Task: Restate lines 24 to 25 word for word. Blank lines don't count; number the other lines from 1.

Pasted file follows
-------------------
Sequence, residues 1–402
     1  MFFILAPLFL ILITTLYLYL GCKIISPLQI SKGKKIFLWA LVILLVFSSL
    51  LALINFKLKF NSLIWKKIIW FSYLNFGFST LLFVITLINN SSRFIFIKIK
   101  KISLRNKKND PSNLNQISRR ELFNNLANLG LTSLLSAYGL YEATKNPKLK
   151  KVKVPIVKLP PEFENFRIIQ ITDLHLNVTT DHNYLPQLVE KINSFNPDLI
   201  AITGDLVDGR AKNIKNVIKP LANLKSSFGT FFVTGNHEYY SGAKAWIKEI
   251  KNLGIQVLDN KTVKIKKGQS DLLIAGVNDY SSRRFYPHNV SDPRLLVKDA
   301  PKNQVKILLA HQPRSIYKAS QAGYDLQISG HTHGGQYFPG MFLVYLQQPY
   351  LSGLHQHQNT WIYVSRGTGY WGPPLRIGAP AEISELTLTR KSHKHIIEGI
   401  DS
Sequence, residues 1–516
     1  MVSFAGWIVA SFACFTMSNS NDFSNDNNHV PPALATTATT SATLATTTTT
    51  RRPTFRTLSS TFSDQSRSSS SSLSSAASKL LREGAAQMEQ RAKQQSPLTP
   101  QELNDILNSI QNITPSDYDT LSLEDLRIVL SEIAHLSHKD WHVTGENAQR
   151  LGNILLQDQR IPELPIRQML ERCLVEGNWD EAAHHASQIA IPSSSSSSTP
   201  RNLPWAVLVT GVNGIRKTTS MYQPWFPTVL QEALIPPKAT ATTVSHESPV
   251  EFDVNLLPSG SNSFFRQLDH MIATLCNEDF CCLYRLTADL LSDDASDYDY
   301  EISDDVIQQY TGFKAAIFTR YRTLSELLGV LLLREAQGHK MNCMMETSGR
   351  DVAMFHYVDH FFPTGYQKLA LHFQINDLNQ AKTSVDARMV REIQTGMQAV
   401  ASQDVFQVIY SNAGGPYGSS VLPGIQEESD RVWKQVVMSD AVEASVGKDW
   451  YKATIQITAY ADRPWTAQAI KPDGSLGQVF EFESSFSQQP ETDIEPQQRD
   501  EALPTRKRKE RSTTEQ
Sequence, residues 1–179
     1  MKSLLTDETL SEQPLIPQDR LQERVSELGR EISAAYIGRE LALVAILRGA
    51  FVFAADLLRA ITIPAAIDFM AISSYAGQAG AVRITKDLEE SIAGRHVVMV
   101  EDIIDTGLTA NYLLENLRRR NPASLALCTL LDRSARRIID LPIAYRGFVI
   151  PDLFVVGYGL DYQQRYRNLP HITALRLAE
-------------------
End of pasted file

     1  MKSLLTDETL SEQPLIPQDR LQERVSELGR EISAAYIGRE LALVAILRGA
    51  FVFAADLLRA ITIPAAIDFM AISSYAGQAG AVRITKDLEE SIAGRHVVMV